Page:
Suppose that you are employed by the Alabama Department of Corrections as a psychologist.

University of California Irvine Ordering Electronically Cafeteria Case Essay

University of California Irvine Ordering Electronically Cafeteria Case Essay.

Identified and Assessed RisksRecall the scenario you used for previous assignments. (This will either be the Cafeteria Ordering System case exampleActions or a business problem scenario that you created). Keep in mind that you will be expected to continue to work with your chosen scenario in future assignments, including your final project. For your assignment, develop an initial assessment of anticipated risks for this project:List at least 5 risks that are part of (or could be part of) this business analysis effort. State each of them using the format: “If [cause], [risk] could occur, resulting in [consequence].”Develop a table listing each risk, with probabilities and impact assessments, and use your probability and impact estimates to rank-order the risks.Be as specific as possible in defining your risks, and for the top priority risk listed, explain how you made your probability and impact assessments. For the top risk, consider what could be done or changed in your business analysis project to manage the risk.Submit your completed exercise as an attachment to this drop box. Please be sure to include your last name and the course number in the title of the MS Word document: “your name X423.8 Assignment 6.”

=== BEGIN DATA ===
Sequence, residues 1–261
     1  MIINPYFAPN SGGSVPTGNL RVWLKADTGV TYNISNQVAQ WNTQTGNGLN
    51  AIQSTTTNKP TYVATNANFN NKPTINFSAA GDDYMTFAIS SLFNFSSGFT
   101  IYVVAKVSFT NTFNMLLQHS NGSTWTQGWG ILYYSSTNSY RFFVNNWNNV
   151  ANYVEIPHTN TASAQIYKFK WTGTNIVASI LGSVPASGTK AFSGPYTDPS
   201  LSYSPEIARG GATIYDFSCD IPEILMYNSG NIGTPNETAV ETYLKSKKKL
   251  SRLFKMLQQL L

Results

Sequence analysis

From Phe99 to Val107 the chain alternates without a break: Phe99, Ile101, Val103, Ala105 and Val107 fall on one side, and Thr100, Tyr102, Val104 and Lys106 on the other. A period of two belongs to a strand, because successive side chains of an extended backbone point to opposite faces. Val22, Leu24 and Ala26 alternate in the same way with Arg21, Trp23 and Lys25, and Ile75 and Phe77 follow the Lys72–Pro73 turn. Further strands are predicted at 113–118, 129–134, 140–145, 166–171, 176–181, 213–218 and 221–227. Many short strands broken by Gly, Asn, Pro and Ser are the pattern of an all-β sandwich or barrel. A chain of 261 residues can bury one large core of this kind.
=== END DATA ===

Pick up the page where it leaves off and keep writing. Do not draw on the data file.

University of California Irvine Ordering Electronically Cafeteria Case Essay